Two touching novels exploring family and death debut this week. Both novels look interesting so I’m adding them to my summer reading list.
Little Brown Books for Young Readers
Danny’s mother lost her five-year battle with cancer three weeks before his graduation-the one day that she was hanging on to see.
Now Danny is left alone, with only his memories, his dog, and his heart-breaking ex-girlfriend for company. He doesn’t know how to figure out what to do with her estate, what to say for his Valedictorian speech, let alone how to live or be happy anymore.
When he gets a letter from his mom’s property manager in Tokyo, where she had been going for treatment, it shows a side of a side of his mother he never knew. So, with no other sense of direction, Danny travels to Tokyo to connect with his mother’s memory and make sense of her final months, which seemed filled with more joy than Danny ever knew. There, among the cherry blossoms, temples, and crowds, and with the help of an almost-but-definitely-not Harajuku girl, he begins to see how it may not have been ancient magic or mystical treatment that kept his mother going. Perhaps, the secret of how to live lies in how she died. (via Amazon)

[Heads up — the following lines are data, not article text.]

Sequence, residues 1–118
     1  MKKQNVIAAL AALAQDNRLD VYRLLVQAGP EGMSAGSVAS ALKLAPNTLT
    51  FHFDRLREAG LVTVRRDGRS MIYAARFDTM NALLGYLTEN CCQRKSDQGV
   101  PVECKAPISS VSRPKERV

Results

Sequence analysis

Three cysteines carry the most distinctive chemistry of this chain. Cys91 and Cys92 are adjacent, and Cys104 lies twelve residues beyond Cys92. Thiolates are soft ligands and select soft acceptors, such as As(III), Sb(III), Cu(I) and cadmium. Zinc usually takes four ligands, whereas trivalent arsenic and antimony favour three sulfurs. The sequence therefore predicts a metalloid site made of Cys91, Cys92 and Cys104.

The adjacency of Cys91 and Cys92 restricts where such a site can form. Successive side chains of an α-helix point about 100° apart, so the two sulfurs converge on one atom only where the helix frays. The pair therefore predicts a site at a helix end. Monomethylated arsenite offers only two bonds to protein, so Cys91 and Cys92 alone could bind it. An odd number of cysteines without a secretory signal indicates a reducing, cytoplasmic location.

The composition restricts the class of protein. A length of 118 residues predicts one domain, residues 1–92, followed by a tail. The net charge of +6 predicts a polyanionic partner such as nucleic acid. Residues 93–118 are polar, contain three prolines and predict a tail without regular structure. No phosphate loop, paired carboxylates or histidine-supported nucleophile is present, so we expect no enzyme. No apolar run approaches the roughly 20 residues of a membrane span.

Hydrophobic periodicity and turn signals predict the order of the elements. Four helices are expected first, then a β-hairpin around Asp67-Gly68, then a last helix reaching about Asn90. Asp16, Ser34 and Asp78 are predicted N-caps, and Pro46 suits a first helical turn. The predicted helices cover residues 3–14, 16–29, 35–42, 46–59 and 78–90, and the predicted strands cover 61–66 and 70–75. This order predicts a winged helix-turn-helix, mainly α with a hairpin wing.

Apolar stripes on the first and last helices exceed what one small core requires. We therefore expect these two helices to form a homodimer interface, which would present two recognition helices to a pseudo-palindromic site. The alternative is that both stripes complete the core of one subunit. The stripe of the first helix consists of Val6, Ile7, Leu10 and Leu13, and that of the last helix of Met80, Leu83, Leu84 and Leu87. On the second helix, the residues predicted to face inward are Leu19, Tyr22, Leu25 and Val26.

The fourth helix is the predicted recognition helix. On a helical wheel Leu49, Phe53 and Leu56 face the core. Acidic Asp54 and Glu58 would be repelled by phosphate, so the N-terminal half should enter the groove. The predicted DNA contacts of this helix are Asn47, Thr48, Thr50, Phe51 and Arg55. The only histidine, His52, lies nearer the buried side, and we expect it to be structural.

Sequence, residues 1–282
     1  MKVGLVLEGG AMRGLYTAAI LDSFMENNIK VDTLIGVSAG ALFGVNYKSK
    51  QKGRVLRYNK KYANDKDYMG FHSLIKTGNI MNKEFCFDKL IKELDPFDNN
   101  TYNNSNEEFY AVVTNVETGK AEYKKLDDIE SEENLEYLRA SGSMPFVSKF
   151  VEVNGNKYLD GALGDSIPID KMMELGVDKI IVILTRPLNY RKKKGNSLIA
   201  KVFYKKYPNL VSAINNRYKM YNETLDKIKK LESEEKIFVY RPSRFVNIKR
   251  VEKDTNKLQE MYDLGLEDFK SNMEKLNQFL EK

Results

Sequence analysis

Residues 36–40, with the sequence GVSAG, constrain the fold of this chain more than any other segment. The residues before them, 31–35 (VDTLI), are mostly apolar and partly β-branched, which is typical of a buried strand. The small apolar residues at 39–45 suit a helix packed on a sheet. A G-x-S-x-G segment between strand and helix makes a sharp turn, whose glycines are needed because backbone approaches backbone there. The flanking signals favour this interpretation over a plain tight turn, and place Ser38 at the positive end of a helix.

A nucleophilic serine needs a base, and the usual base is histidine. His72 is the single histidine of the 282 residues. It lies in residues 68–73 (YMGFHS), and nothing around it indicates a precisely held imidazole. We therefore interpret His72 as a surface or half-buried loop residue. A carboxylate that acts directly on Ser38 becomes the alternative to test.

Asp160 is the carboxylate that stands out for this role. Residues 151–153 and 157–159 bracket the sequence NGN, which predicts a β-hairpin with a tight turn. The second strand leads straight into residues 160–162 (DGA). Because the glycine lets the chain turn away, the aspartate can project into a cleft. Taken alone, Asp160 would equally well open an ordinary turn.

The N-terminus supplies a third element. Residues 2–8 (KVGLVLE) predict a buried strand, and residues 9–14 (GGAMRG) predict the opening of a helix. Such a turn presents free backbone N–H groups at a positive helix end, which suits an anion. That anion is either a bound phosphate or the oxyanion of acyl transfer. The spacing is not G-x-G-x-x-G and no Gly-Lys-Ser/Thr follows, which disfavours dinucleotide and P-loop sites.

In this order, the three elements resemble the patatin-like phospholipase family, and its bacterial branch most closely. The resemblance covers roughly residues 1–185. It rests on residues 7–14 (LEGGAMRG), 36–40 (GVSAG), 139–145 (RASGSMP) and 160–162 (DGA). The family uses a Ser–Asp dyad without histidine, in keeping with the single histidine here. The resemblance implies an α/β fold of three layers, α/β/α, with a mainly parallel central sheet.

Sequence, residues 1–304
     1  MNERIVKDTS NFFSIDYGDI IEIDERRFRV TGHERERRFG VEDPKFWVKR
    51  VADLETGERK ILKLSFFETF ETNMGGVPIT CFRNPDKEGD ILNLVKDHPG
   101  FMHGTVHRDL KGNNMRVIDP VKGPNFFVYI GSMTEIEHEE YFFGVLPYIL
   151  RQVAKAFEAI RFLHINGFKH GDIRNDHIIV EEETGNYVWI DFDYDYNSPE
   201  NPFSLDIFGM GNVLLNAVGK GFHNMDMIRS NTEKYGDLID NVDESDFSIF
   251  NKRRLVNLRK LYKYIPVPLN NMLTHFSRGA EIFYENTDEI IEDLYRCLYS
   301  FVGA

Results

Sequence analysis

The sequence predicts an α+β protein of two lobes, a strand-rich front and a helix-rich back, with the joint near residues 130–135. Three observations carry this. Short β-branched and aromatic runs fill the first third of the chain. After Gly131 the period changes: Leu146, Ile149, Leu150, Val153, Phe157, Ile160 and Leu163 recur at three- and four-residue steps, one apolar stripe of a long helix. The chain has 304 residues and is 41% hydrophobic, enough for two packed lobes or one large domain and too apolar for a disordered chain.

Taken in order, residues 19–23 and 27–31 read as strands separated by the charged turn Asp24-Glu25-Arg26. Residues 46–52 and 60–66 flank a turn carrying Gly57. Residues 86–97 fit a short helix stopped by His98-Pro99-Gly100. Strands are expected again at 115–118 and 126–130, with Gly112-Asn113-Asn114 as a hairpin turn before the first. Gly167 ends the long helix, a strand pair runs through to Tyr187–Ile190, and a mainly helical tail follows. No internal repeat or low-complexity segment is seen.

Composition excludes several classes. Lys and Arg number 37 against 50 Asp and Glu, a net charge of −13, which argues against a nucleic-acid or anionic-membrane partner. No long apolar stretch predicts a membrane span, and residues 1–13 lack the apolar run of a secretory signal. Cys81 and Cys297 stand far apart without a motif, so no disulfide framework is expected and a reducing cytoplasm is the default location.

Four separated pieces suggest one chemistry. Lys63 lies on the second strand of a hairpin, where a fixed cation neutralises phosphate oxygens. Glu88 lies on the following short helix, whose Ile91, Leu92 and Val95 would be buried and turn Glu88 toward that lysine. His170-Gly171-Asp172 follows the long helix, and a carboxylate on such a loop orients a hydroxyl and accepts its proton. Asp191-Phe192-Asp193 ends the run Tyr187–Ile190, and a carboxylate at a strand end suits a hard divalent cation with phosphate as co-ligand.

“Dear Sunny: I don’t expect you to understand any of this yet, but we’ll always have yesterday . . . and today, and tomorrow. Maybe one day you’ll figure it out. I never could.”
With a supportive family, great friends, and a spot on her high school’s swim team, Sunshine “Sunny” Pryce-Shah’s life seems perfect. Until the day her popular older cousin Shiri commits suicide. The shocking tragedy triggers heart-wrenching grief, unanswered questions, and a new, disturbing ability in Sunny—hearing people’s thoughts.
When Sunny “underhears” awful things about what her so-called friends really think of her, she starts avoiding them and instead seeks refuge with the emo crowd. But when she discovers her new friends’ true motives, Sunny doesn’t know who she can trust anymore. Feeling like she’ll drown in the flood of unwanted voices inside her head, she turns to her cousin’s journal for answers. Sunny must figure out how to keep everything from falling apart, or she may end up just like Shiri. (via Amazon)